The Kānealole Trail was originally a dirt road laid out in 1906 to facilitate construction of a water main from springs along Kanealole Stream to a reservoir in Makiki. Territorial Forestry constructed the Makiki Valley Trail and improved the Maunalaha Trail in 1915 to provide easier access for reforestation crews.

Mountain Bikers

Always yield to hikers. Do not slide around corners or slide down the trail. Careless mountain biking damages the trail and causes erosion. If accidents are reported or damage to the trail is extreme, the trail may be closed to mountain bikers. This trail is not an easy mountain bike trail.

Dog Owners

Hunting may be in progress on or near this hiking trail. Hunting dogs may be off-leash while engaged in the hunt. Hikers must keep their dogs leashed at all times and remove dog waste while on this trail.

Amenities & Facilities

  • Bench
  • Bridge
  • Drinking Water
  • Interpretive Signs
  • Parking
  • Picnic Pavilion
  • Picnic Table
  • Restroom
  • Trash Cans
  • Visitor Center
  • Water Fountain

Simple Trail Tips:

  1. Stay on the trail. 
  2. Check the weather 
  3. Watch the time 
  4. Avoid undue risk 
  5. Read all posted signs 
  6. Respect other trail users 
  7. Pack out at least what you pack in.


If driving from Punahou, heading towards the mountains, turn left on Nehoa St. At the first traffic light, turn right on Makiki Street. When you reach the Board of Water supply park, follow the left fork, which is Makiki Heights Road. Continue for approximately 0.5 miles until the road makes a sharp hairpin turn to the left (look for a row of mailboxes on the right side of the road). At the hairpin turn, continue straight ahead through a green iron gate (there is a sign that says Makiki Forest Recreation Area). Continue shortly up the road till you see a gravel parking lot on your left. Parking for the trail is available in this lot. Proceed up the road on foot till you reach a stone building (public restroom) on your right. Turn right just before the building and the trail head begins right after the bridge.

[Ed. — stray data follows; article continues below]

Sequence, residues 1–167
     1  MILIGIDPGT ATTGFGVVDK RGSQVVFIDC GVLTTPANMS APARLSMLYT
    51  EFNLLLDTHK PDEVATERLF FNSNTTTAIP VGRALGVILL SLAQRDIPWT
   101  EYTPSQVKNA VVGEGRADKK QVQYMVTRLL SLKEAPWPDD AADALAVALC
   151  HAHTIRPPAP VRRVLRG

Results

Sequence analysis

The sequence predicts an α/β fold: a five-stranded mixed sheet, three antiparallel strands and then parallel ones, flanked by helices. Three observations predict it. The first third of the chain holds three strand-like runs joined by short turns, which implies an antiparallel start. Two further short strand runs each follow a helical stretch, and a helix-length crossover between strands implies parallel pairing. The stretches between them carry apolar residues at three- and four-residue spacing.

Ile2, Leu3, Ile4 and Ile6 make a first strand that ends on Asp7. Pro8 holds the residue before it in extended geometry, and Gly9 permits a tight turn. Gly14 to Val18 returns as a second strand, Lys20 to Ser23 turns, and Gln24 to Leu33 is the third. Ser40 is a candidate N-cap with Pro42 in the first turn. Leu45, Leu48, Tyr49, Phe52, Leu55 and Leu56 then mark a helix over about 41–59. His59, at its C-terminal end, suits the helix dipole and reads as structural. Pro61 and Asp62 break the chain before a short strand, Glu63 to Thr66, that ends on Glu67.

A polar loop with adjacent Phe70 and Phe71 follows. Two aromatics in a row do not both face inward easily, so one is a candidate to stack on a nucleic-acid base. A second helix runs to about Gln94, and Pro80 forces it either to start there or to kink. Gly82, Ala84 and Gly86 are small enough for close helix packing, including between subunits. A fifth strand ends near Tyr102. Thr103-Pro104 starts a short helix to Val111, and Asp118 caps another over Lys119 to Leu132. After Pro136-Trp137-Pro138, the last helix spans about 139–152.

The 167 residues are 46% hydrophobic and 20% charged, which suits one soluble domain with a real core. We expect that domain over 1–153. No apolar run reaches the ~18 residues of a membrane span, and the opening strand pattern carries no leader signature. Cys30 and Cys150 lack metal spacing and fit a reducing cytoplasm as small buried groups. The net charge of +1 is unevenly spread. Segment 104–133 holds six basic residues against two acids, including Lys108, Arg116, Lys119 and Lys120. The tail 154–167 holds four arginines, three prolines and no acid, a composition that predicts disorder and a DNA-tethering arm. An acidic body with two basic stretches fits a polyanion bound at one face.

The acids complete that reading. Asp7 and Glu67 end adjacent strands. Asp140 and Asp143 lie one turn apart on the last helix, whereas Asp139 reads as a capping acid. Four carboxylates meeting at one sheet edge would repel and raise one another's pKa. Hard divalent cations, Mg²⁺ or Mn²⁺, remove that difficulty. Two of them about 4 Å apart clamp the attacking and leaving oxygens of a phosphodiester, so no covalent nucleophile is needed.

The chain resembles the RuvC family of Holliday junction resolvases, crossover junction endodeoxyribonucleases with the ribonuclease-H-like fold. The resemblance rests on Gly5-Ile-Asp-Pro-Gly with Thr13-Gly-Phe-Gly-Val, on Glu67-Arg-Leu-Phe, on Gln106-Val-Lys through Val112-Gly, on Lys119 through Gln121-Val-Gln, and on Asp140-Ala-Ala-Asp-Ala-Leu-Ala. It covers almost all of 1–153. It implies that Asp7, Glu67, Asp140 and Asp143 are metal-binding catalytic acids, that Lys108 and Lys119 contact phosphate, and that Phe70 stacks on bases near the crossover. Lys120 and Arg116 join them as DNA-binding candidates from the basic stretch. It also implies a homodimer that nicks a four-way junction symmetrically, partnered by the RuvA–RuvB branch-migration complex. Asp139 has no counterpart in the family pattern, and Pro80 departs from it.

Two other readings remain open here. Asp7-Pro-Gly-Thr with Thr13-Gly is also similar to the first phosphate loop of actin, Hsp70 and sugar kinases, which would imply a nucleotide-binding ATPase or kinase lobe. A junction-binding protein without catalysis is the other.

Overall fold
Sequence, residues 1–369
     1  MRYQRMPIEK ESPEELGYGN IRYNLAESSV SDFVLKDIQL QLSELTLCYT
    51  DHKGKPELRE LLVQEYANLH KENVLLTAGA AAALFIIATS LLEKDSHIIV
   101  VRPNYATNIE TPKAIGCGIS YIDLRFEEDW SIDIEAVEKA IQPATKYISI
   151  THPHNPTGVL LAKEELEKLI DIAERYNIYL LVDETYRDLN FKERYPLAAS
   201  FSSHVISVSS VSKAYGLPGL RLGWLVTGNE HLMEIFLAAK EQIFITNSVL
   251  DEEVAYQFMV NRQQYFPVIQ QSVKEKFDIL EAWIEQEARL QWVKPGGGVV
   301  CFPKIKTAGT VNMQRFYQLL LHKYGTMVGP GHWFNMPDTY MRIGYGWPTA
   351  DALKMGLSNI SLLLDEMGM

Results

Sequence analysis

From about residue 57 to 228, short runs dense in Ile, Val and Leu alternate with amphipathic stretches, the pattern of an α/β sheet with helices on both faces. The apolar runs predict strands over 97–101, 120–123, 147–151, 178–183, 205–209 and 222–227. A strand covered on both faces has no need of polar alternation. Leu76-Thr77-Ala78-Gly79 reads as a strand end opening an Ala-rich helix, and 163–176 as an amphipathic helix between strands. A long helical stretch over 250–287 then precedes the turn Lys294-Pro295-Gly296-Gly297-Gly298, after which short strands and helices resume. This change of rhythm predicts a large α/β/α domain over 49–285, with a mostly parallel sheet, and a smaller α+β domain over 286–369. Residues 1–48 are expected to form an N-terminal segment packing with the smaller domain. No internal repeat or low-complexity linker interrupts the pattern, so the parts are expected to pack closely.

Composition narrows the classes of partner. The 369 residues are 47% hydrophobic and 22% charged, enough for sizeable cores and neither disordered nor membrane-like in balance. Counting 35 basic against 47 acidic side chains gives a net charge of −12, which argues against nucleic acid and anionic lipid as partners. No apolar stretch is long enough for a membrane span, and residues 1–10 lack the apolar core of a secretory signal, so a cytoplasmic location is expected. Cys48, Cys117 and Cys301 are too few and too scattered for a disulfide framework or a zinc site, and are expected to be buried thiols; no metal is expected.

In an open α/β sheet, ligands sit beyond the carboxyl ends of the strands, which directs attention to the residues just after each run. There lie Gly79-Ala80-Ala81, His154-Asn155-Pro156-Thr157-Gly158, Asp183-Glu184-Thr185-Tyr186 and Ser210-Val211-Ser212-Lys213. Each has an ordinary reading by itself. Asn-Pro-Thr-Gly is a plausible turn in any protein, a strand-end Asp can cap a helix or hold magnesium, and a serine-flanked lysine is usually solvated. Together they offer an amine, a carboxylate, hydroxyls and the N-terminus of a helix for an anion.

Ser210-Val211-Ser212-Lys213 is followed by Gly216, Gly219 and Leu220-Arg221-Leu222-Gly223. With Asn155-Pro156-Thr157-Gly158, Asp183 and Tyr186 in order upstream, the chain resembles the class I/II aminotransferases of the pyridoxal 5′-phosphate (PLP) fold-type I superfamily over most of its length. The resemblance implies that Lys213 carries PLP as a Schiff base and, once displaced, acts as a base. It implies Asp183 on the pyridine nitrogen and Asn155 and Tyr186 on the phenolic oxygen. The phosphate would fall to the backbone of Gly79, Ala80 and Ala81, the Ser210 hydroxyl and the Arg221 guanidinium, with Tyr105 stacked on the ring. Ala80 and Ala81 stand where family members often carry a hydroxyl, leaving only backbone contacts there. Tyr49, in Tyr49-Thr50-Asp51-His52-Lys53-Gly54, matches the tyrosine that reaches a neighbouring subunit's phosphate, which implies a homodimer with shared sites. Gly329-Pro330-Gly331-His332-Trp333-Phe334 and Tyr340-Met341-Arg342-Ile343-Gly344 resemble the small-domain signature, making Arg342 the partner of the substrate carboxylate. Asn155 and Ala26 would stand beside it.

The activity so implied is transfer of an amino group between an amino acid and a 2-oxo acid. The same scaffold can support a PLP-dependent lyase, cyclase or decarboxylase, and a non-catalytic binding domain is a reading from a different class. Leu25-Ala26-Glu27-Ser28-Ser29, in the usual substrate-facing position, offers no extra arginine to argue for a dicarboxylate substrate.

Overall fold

Please note that the Kanealole Trail (in yellow) is part of the Honolulu-Mauka Trail Network, comprising of 18 interconnected trails (in turquoise). The system may be accessed via the Makiki Arboretum Trail (dark blue) as part of an extended hike. The shortest route from the Makiki Arboretum Trail to the Kanealole trailhead is 0.25 miles.

From the gravel parking lot continue along the paved road on foot. After passing Hawai`i Nature Center on the right, reach a signed junction. Turn right on a driveway leading to the Kanealole and Maunalaha Trails. Pass restrooms, a boot cleaning station, and a drinking fountain. Cross Kanealole Stream on a bridge and turn left upstream on a gravel path. Nearby is a bulletin board with trail information. Pass several lo`i (kalo or taro terraces) on the left. Reach another signed junction by a bench and several Cook pine. Keep left on the Kanealole Trail. (To the right is the Maunalaha Trail.) After crossing a small bridge, pass native and Polynesian introduced plants identified with labels. The trail is graveled and lined with plastic rails. Cross Kanealole Stream on a second bridge and turn right upstream. Ascend gradually next to Kanealole Stream following a partially buried water pipe. Pass a stand of bamboo and then tangled hau groves on the right. The Kanealole Trail ends at a signed junction with the Makiki Valley Trail. For a short loop hike, turn right on the valley trail. At the next junction turn right again on the Maunalaha Trail to return to your starting point.